I listened to the podcast (mostly, not quite finished), but found the episode fantastic and eye opening. I was familiar with the issues for Afghanistan translators and others who worked with us while we ran the country, but some of the numbers discussed are eye opening. We've allowed 123 (I think that's the number they said) Afghani using the application process (which also costs almost $600, which is more than the annual salary for someone in Afghanistan.)
But, when compared to the process done for Cuba, Vietnam, and Iraq, it is laughable how bad it is. But then, comparing it to Ukraine, a current example, where they waived the fee and processed half a million applications in a few months - it's wildly openly racist all because of the fear of one of them being a terrorist.
In 2nd grade, we had a man come to my class and show off a medical computer which had a touch screen on the monitor. I was a precocious kid who grew up around technology, and I asked if the monitor worked by the heat off our fingertips and the man was very kind as he explained they did it then based off a grid of lasers across the screen.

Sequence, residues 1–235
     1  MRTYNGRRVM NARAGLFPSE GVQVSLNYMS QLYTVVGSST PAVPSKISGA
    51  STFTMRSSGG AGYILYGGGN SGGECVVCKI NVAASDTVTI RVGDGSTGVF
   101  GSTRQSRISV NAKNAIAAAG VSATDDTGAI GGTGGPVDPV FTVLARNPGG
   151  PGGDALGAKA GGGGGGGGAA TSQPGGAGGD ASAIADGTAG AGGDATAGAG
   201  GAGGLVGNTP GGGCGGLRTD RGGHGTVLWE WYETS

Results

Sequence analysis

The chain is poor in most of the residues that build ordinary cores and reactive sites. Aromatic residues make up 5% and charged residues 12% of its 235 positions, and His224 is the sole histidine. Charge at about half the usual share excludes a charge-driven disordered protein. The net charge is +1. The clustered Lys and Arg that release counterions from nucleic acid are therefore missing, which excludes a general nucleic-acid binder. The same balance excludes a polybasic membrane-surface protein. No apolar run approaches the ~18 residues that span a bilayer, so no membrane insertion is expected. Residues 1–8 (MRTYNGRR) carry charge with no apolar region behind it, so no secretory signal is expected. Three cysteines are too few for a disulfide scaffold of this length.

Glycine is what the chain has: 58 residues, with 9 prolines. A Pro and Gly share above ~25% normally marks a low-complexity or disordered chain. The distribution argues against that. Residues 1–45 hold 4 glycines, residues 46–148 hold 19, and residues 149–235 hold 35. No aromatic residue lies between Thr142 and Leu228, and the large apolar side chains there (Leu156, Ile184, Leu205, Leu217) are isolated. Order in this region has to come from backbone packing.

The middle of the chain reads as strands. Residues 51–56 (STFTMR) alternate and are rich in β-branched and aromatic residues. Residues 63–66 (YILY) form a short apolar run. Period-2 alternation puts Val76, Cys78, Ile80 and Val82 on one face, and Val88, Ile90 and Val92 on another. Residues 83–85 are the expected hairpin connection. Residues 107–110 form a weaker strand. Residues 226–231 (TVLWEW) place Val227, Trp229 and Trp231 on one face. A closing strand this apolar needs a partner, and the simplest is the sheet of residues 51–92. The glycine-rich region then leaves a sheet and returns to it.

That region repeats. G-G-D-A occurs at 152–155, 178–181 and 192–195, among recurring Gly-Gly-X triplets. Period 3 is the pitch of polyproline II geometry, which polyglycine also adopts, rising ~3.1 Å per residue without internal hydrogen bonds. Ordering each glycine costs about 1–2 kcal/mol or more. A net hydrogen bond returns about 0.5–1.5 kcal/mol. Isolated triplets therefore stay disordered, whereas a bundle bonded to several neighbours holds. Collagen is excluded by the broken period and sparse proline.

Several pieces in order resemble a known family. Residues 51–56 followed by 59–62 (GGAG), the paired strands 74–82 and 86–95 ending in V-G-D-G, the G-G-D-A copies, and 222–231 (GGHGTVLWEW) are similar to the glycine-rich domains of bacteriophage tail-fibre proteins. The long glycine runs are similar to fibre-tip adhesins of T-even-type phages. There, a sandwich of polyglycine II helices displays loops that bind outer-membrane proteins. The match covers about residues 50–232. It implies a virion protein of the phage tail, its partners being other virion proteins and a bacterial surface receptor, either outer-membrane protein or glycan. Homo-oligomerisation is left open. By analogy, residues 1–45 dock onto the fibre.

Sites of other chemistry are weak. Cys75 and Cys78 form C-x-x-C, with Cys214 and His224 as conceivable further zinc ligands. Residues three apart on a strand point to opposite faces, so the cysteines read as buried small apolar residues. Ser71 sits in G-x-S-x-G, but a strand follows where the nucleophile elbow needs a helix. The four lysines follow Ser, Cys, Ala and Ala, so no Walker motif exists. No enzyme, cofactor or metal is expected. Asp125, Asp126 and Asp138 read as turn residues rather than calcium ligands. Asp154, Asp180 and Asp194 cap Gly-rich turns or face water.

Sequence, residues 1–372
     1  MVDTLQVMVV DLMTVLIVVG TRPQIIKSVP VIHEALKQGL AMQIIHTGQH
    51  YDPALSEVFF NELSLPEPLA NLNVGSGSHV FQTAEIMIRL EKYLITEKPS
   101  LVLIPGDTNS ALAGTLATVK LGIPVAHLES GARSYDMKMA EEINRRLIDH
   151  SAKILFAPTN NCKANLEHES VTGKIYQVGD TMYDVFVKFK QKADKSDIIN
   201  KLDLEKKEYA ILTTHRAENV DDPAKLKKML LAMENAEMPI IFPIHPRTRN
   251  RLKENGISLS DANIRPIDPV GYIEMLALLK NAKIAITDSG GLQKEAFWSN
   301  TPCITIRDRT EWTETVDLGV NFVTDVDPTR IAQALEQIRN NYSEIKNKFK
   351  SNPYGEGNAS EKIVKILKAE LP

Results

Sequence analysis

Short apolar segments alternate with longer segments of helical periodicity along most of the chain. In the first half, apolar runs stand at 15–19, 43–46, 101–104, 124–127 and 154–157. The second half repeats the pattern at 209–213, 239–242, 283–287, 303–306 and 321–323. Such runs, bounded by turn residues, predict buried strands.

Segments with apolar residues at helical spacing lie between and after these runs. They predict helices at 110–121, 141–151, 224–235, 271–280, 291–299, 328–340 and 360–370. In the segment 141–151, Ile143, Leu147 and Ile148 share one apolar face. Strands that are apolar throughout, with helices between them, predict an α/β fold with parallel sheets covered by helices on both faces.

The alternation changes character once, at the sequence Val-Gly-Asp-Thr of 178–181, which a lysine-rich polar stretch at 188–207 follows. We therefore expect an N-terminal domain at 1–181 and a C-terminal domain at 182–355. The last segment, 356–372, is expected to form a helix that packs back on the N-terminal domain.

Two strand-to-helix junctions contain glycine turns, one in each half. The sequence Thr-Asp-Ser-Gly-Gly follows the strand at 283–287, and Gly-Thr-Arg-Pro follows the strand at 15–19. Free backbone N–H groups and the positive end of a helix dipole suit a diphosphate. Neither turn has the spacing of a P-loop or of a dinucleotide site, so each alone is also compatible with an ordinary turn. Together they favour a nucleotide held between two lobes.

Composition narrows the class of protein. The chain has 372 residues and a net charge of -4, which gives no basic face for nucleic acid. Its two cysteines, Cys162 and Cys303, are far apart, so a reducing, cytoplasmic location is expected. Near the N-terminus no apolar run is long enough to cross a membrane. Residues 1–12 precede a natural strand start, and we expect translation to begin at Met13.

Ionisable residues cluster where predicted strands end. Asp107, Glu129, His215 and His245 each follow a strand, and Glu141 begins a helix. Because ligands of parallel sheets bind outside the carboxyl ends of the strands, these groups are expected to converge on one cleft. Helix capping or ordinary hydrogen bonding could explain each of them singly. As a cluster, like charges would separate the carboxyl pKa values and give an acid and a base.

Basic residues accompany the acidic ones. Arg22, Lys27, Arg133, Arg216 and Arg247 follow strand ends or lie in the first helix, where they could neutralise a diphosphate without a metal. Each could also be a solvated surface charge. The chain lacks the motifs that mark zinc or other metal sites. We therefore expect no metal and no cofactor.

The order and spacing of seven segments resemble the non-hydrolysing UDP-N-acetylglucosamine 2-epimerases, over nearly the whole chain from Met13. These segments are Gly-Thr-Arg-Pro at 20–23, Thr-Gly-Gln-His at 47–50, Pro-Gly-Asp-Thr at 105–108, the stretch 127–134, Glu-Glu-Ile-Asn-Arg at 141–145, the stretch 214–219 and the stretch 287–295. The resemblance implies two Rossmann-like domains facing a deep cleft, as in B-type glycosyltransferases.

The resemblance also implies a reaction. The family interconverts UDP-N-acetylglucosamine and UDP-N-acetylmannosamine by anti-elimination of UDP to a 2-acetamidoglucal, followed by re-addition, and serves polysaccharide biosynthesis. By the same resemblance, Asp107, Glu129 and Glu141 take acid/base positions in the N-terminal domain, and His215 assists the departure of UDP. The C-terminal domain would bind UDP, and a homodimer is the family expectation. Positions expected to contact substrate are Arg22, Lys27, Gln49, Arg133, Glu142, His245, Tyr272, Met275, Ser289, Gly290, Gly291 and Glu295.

He finished explaining it though by saying, "But, when you're older, you need to come work for me."
I was sad I never got his name or a card, that sort of encouragement has stuck with me over the decades.
This book definitely was nostalgic for me. It was one of the first books I bought when I started Computer Science at Georgia Tech.
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